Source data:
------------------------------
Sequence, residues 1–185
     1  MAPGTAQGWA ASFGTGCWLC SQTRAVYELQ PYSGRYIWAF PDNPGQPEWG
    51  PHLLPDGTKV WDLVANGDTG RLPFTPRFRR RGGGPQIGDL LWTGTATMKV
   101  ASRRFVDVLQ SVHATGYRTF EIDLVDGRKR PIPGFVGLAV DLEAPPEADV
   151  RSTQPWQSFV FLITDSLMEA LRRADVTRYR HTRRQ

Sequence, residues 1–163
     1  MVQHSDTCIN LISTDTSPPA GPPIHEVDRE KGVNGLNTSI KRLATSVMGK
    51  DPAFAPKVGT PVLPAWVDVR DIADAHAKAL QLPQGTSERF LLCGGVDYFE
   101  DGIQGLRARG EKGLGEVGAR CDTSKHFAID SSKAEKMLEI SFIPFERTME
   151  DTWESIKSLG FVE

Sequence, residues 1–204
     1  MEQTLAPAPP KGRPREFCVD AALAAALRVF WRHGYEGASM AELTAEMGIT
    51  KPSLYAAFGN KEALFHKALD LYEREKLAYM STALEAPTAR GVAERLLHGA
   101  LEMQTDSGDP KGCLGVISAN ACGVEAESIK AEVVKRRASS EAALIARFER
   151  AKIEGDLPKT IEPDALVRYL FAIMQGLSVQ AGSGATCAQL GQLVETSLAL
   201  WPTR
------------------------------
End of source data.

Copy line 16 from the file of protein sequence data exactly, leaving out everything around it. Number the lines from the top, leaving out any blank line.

   201  WPTR